What is Universal Design for Learning (UDL)?
Imagine you went into a big clothes store
and all that was on sale was 1 type of outfit, in 1 size, with no thought given to different
individual body shapes or personalities. That would be crazy right? Expecting everyone to
be able to fit into the same size and express themselves in the same colour and style?
Yet in many cases that’s exactly what is happening in our education system. When it
comes to learning, variability is the rule not the exception and our college campuses
are now grappling with the demands of an increasingly diverse cohort of learners with increasing
numbers of international students, students from different cultural and socio economic
backgrounds, mature students and students with disabilities.
Despite this, curriculums are still designed for the mythical average learner and all are
expected to engage and learn on the same terms. Not enough flexibility is built in at the
design stage to give all students equal opportunities to learn in ways that play to their own strengths.
So, how can our institutions respond to these challenges? Enter Universal Design for Learning,
or UDL for short. UDL is an educational framework that guides
the design of learning goals, materials, methods, and assessments as well as the policies surrounding
these curricular elements with the diversity of learners in mind. The framework was developed
by US organisation CAST and is based on research in the field on neuroscience. It promotes three core principles for educators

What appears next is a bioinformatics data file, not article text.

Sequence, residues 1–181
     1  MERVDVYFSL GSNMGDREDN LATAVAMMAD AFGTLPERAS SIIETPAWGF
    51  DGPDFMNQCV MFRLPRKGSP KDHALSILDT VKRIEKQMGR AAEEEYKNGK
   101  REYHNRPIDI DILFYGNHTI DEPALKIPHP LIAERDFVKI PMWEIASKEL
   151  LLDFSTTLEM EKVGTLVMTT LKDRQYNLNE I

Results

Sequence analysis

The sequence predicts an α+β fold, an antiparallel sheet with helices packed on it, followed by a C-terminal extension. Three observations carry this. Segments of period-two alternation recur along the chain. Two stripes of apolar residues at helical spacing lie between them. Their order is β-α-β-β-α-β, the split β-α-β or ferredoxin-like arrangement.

to build into their teaching practice, calling on them to provide students with multiple
means of engagement, representation, and action & expression. The framework includes a set
of guidelines on how you can turn these principles into practice for example:
By fostering collaboration with the introduction of group work with clear goals, roles and
responsibilities. By using different types media to support
learning and ensuring that all materials are accessible.
By providing a choice of assessment instruments while maintaining robust learning outcomes.
You are probably already including some UDL elements in your practice without realising
it and there is much more to explore so don’t be afraid to let Universal Design for Learning
give you a new lens through which to look at your teaching and learning practice and
help you to better reach all of your students. For more information and resources, visit